Food for Thought From Real Food 4 Kids

Food for Thought From Real Food 4 Kids

by Sue Honkamp, Founder & Owner of Real Food 4 Kids

I recently asked parents and their kids two questions about cooking, as part of a research project for an entrepreneurial class I was taking through the University of Iowa. Across the board, their answers were remarkably similar and straightforward.

Why is it important for kids to learn how to cook?
It teaches them a life skill. It allows them to become more independent. It’s much more economical and will save money. I will eat healthier. I will be able to feed my future family decent meals. I don’t want to be unhealthy.

What do kids like about cooking?
It’s a way to show people you care about them. It allows you to be creative. You can add your own touch. It’s fun to experiment. You can taste your creations! It’s fun to watch ingredients turn into something new.

When people don’t know how to cook, they have to rely on take-out or restaurants. Yet, we know that people who cook at home eat healthier, enjoy their food more, and spend less money on food.

The Cooking Stats

Millennials are least apt to cook, compared to Gen X’ers and baby boomers, regardless of category or food type, according to a recent study from The Porch. Making eggs posed some of the biggest challenges for the millennials, and they were less likely to know how to roast chicken than the other groups. Plus, nearly 60% of millennials don’t know how to make a birthday cake from scratch, and 25% of millennials are also incapable of making a cake from a box.

I struggle to read these statistics. I strongly believe that teaching kids to cook will benefit them in numerous ways, both now and throughout the rest of their lives. Each of the responses I received from parents and kids rings true. And I want every kid to know how to make their family and friends a birthday cake from scratch.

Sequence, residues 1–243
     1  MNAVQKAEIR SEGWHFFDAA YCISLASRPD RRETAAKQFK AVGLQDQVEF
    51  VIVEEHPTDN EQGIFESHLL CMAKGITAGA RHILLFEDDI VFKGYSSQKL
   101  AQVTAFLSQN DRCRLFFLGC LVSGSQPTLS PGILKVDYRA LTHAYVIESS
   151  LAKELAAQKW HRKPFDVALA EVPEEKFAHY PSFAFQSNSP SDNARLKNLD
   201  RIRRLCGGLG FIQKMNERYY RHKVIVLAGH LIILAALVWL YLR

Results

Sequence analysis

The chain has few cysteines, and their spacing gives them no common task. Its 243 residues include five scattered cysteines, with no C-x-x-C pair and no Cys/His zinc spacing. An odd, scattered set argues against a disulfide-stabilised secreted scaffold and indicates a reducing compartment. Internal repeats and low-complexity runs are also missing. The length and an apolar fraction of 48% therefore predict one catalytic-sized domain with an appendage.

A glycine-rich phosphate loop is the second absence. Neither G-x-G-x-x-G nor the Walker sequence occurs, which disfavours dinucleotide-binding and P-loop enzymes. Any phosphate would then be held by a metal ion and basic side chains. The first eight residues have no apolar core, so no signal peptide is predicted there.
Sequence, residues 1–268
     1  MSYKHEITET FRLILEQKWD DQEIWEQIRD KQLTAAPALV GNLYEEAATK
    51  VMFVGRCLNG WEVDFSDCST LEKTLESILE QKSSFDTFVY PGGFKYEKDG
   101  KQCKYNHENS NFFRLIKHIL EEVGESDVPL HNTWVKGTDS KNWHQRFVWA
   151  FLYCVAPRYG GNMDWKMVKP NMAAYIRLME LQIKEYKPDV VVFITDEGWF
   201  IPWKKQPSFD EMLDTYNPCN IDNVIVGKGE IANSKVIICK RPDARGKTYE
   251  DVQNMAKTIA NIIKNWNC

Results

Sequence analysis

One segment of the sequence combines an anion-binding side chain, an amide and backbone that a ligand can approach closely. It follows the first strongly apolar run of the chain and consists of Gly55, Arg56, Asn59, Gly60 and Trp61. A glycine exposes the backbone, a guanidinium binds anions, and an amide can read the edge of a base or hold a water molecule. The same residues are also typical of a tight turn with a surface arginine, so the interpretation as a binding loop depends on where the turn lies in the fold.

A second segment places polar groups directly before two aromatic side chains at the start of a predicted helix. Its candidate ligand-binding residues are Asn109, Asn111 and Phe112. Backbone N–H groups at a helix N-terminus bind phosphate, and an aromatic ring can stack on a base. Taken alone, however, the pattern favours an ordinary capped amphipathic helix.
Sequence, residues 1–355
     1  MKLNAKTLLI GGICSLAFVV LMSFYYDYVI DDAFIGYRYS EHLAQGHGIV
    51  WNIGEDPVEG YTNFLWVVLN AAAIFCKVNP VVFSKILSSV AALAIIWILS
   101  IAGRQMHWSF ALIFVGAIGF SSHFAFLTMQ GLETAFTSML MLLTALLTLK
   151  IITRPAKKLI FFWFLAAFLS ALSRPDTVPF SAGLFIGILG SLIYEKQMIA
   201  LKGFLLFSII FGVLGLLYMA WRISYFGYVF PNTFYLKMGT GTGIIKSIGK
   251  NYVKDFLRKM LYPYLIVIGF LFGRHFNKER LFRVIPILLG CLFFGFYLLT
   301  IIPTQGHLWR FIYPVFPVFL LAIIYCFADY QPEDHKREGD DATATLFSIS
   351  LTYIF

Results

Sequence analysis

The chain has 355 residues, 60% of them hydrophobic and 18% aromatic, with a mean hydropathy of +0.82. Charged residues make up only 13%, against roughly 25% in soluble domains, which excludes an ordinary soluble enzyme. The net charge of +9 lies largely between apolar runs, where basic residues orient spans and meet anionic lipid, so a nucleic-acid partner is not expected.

Food for Thought –

Make the Most of Your Time at Home and Cook With Your Kids

Yes, we know that cooking with the kids can be stressful, messy, and take twice as long. It’s tough to make time to cook with your kids when you spend weeknights chauffeuring them to practice, squeezing in dinner, and making sure they have time to do their homework. The same typically goes for weekends, too. And sometimes, you just want to relax, right? But now, most of us have more time on our hands.

Like anything, cooking with your kids follows a learning curve, and it’s steepest in the beginning. But the outcome is absolutely worth it. Teaching your kids to cook will not only give them skills to last a lifetime, it will help you out in the short term, as well. Take advantage of the fact that your kids are literally home 24/7 and have them learn their way around the kitchen. We know that kids are more likely to eat something they make, so involve them as much as possible in the process.

The kids aren’t rushing off to school or trying to eat school lunch in a 15 minute window, so encourage them to make, or help make, their breakfast and lunch. Have them help prepare their own snack. Everyone in the house can pick a night to be in charge of dinner; select the menu, find the recipes, and have the kids help prepare it.

Real Food 4 Kids Online Cooking School

We also know that kids learn by watching and doing, so we’ve recently launched a free trial of Real Food 4 Kids Online Cooking School to make it easier to get your kids involved in the kitchen. We’ve selected kid-friendly recipes that your family will love. Our recipes can be downloaded and include ingredients, directions, equipment, and tips on how to include the kids. Each recipe has an accompanying video of a kid making the recipe. You can watch it at your own pace, and pause as needed to catch-up. Through the end of May, subscribe for free on our website:

And when you’re finished cooking, don’t forget to have your kids help you clean up the mess!

Featured photo was provided by Real Food 4 Kids.

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